Clearly, the problem is that benefit payments are increasing more rapidly than revenues. There are two contributing forces pushing up costs, (1) 10,000 additional people sign up for benefits every day of the week and (2) inflation (COLA) is rising. The January 2012 YoY increase in benefit payments was $4.1B. Of that amount, approximately $2.1B is attributable to inflation; the balance of $2B is due to more folks getting checks.

We crossed a big corner at SS in 2010 when the first annual cash flow deficit was reported. SS will never again see a cash surplus. The only question is how rapidly the deficits will rise. It’s a bit early in the year for me to provide a credible 2012 forecast for SS. My read of the January numbers confirms my suspicions. The improvement in the economy will be trumped by increasing benefit costs. Net-net, a modest deterioration in the cash position is my base case. I think SS will produce a $56B cash shortfall in 2012 (2010 = -49B, 2011 – 47B).

The expense side of the SS equation can’t be altered. The only variables that make a difference are interest rates and the economy (jobs).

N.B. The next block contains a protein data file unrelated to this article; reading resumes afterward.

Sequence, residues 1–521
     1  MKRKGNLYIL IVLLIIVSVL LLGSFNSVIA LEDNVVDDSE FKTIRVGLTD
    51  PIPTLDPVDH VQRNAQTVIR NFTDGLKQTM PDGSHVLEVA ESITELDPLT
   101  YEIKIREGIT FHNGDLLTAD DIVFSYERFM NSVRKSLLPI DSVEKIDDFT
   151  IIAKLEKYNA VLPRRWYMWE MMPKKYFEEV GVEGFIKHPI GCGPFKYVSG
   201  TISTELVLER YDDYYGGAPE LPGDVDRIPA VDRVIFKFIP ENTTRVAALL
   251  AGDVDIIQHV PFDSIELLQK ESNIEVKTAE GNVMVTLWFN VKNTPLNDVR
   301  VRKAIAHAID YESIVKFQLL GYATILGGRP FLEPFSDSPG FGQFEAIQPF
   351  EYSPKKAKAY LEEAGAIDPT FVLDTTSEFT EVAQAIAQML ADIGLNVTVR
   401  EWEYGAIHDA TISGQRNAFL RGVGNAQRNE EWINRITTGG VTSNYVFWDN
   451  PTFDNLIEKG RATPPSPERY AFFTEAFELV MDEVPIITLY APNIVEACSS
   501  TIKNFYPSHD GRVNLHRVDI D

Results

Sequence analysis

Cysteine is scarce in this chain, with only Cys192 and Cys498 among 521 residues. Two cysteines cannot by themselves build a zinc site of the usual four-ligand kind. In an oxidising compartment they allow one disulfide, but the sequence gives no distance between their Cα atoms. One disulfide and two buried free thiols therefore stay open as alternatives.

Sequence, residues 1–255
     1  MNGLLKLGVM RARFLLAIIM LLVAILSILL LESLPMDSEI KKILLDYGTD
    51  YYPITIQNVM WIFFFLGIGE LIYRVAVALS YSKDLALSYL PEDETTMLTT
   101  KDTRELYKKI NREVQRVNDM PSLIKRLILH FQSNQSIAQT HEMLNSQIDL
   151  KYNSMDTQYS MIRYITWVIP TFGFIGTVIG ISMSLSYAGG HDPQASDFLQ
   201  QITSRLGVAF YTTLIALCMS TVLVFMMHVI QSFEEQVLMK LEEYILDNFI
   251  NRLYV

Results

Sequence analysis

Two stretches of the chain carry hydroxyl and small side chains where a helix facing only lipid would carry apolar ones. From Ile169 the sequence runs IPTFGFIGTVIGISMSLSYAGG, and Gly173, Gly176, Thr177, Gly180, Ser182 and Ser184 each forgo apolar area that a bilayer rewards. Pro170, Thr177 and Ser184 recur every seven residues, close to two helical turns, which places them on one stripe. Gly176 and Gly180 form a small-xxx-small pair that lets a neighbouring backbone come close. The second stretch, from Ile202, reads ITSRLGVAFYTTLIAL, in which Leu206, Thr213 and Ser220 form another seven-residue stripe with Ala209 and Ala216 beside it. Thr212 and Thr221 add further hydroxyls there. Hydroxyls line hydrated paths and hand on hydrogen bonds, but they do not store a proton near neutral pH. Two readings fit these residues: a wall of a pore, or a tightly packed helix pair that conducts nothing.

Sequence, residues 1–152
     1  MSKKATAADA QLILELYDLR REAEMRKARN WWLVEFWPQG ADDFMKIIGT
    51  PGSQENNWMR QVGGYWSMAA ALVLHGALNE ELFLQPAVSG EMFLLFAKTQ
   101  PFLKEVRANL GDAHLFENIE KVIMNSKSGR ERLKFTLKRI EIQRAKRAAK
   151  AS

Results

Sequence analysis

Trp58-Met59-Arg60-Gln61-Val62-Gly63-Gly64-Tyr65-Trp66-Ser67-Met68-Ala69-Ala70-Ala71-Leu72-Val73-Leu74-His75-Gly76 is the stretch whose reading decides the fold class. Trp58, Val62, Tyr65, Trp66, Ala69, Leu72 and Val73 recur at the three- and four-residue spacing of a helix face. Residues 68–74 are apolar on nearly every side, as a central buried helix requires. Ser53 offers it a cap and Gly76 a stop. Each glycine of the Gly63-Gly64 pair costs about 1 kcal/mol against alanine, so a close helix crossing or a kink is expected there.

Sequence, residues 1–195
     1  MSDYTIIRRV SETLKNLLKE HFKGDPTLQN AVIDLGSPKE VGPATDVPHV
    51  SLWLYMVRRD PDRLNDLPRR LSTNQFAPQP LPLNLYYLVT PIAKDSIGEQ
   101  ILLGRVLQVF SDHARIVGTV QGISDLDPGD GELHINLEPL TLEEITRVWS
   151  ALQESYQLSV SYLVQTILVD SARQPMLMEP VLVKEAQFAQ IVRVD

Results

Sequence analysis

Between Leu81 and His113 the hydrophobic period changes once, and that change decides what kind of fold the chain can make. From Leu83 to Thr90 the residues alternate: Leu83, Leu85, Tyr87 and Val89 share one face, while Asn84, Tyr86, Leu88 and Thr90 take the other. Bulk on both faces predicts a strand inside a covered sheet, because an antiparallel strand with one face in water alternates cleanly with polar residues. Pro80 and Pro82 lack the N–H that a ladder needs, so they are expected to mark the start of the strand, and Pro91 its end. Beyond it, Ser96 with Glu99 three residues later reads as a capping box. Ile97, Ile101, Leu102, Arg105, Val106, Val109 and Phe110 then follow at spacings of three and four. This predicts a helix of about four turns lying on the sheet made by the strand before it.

The interest rate side of the equation is easy to contemplate. SS’s income from interest is going to decline in 2012 and beyond. Ben Bernanke’s ZIRP, QE and Twist have seen to that. Ben has made it clear that interest rates will remain at historical lows for well into the future. SS is America’s biggest saver ($2.6 Trillion), it will therefore pay a price as the low interest rate environment is endlessly extended.

In June of this year, SS will re-invest its maturing bonds (and any cash it has) in a new strip of securities that have maturities from 1 to 15 years. The interest rate for these Special Issue Treasury Securities is set by a (stupid) 60-year old formula. This year, the formula will produce a yield for the new investments that is the lowest in history. In the next few years, all of the high coupon bonds will be rolling off. The old bonds will be replaced with much lower yielding assets.

This simply does not add up. SS will have to significantly revise downward its projections for interest incomes (there is no way the Fed is going to back off ZIRP anytime soon).